We ask every member to commit Rs 1 crore. We tell members to set aside Rs 50 lakhs a year for 4-5 deals of Rs 10 lakhs each and set aside another 50 lakhs for bigger bets of about Rs 25-50 lakhs on certain extremely exciting companies. If they don’t come across such opportunities, they can keep that as dry powder and push it into next year's kitty. With a target of creating an angel network of 500 members, it’s a fair amount of capital.

How do you manage exits expectations? Do the members understand the risks?

We tell our members that these are long-term investments. They should be prepared to stay invested for at least about 5 years. There could be rare cases where you get an exit in one or two years, but those are really rare. So this game is for people who can set aside money for the long term. The exits will begin to happen as the portfolios grow. We all know that in the early stage ecosystem, not every company will give you a big exit. It’s about 10% at best. If you are able to identify that 10% or pick a good number of companies from that 10%, you are done. 

Our objective, through various processes and careful selection, is to help our members achieve those targets. As a forum, we can do that better as opposed to our members trying to do the same at an individual level. We feel that their chance of picking the right company is much higher as a community where their ability to spread risk is much more because they don’t have to write very big cheques.

Tell us how you select startups for investments.

We ask the startups that reach out to us to provide us with a pitch deck and an executive summary. We then do an initial screening, which happens every Tuesday. The startups pitch to the internal team and the selected companies have to formally apply and pay a fee of Rs 25,000 per chapter for presentation. We work with them to get their pitch fine-tuned, do mock pitches and make sure that all the key metrics are addressed. We clearly tell our startups that this is not a fee to raise money but an opportunity to meet a good number of serious investors in an atmosphere of discovery. We showcase about three companies, selected from about 30 requests we receive each month. Investors get a chance to discuss the ideas and share their thoughts with the rest of the crowd and the presenter right there at the chapter meetings.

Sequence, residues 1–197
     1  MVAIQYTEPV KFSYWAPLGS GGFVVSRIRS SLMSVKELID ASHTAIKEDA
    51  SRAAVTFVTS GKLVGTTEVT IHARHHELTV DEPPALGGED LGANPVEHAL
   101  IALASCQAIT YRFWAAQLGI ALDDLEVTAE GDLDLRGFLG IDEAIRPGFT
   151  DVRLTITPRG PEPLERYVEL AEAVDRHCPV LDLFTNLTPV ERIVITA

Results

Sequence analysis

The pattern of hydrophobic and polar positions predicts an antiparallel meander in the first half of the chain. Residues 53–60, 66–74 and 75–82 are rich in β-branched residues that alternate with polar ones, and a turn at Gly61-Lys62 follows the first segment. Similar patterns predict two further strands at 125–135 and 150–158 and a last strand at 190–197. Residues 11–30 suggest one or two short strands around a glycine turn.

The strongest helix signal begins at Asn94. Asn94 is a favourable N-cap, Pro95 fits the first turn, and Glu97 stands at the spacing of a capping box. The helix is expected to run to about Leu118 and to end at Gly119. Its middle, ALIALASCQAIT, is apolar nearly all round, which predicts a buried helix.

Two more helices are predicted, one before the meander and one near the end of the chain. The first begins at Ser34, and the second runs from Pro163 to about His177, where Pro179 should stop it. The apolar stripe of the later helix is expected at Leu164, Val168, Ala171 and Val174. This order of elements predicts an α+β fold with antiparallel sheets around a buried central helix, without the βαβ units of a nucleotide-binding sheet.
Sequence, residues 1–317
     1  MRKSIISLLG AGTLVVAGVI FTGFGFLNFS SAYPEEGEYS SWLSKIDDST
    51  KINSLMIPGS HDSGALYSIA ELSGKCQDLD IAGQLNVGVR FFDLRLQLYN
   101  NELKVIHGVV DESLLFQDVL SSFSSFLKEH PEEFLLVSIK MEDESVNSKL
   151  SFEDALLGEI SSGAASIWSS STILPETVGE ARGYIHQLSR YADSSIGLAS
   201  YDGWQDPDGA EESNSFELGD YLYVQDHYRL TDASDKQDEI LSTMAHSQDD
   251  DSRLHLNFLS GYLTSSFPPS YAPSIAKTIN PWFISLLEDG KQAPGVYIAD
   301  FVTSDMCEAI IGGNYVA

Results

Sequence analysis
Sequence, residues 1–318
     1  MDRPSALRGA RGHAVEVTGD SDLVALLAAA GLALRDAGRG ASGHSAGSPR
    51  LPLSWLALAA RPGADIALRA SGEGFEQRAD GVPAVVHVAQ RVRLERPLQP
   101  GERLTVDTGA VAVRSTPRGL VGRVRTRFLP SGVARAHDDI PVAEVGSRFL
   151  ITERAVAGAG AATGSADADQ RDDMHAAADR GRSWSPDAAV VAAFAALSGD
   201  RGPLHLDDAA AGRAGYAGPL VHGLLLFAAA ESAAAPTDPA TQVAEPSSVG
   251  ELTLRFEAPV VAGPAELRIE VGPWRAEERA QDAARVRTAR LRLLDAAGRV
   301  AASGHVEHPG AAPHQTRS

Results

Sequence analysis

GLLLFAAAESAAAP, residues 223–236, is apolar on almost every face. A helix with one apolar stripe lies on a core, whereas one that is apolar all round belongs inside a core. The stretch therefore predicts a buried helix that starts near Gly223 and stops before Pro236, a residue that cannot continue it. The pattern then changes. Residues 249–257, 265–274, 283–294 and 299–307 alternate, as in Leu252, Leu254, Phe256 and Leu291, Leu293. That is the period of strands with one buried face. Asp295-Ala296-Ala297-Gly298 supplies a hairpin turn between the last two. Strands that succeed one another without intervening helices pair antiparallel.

If the startup raises money, then there’s a success fee of about 3% for Keiretsu Forum. Out of the three, we usually get at least one company funded.

What sort of startups - in terms of their state of growth and category - do you look at?

We are sector agnostic and we evaluate pretty much every opportunity that comes our way. We are looking at companies that are at the growth and pre-Series A levels. Our focus is to see if we can help a startup with a proven product and paying customers scale with our money and ready them for Series A. We have done a few deals at the seed stage, but a majority of our investments are in the growth stage.

This interview is part of our InvestorSpeak series in which leading angel, seed or venture investors share their insights on the startup ecosystem in India.